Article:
Not exercising right to vote is linked to problems in childhood

Voter putting envelope in ballot box

People of your generation who experienced behavioural problems in childhood were less likely to have voted in general elections.

In a study thought to be the first of its kind, researchers have uncovered a link between childhood behavioural difficulties and political disengagement decades later.

What we asked you

When you were growing up, we asked your parents questions about your behaviour, such as whether you played truant or got into fights. Over the years, you’ve told us whether you’ve voted in the 1997, 2010, 2015 and 2017 general elections.

A team of university researchers in Edinburgh and Norway used this information to investigate the relationship between childhood behavioural problems and whether or not people exercised their right to vote.

What the research found

The researchers found that people who experienced behavioural difficulties in childhood were less likely to participate in elections compared to people with no significant problems.

They also found that if these behavioural difficulties lasted longer, it had a bigger impact on whether people voted. Those whose behavioural problems continued into their teenage years were around half as likely to vote than those whose difficulties did not last into adolescence.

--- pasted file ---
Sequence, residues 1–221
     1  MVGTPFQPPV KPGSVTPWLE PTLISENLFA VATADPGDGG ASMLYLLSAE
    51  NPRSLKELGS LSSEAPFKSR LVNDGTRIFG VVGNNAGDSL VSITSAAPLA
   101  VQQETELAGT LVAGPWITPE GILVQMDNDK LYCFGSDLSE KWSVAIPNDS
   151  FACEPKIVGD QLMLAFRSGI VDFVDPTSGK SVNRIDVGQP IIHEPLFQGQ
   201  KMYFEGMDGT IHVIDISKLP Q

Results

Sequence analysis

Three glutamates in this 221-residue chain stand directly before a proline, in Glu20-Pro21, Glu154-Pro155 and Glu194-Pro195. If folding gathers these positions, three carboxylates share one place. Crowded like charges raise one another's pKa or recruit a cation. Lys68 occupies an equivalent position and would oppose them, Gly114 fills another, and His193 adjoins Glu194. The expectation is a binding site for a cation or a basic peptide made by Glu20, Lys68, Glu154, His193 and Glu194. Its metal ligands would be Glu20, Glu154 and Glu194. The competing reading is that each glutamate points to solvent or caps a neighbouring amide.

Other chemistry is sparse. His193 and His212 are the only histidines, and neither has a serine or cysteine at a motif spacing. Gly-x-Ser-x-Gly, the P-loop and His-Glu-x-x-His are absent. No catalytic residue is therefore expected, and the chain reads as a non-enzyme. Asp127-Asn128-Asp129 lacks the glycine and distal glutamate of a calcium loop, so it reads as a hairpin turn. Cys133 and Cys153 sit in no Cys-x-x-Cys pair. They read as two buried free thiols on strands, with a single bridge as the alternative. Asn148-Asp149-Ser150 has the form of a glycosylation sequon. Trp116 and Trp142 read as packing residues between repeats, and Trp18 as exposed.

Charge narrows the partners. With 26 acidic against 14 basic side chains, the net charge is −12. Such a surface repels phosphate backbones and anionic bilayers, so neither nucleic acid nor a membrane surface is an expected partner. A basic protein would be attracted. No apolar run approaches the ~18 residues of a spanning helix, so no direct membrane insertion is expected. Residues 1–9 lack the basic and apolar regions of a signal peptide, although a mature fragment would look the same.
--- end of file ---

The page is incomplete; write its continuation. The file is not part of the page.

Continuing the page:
Why this research matters

This research provides important evidence on the role of persistent childhood behavioural problems on political engagement decades later. Understanding and addressing barriers to voting is crucial to ensuring a healthy democratic society that is inclusive and represents the interests of all its members. With a general election on the horizon, this research highlights the importance of helping different groups to have their voices heard and be represented in the process.

Read the full research report

Trajectories of Mental Health Problems in Childhood and Adult Voting Behaviour: Evidence from the 1970s British Cohort Study, by Lisa-Christine Girard and Martin Okolik was published in Political Behaviour in 2023.